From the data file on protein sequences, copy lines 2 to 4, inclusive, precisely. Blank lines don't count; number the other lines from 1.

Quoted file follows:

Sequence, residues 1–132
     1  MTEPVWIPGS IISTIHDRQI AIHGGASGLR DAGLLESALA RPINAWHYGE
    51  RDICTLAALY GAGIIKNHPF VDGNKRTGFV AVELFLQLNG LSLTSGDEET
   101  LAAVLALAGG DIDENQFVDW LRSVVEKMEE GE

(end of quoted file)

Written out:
     1  MTEPVWIPGS IISTIHDRQI AIHGGASGLR DAGLLESALA RPINAWHYGE
    51  RDICTLAALY GAGIIKNHPF VDGNKRTGFV AVELFLQLNG LSLTSGDEET
   101  LAAVLALAGG DIDENQFVDW LRSVVEKMEE GE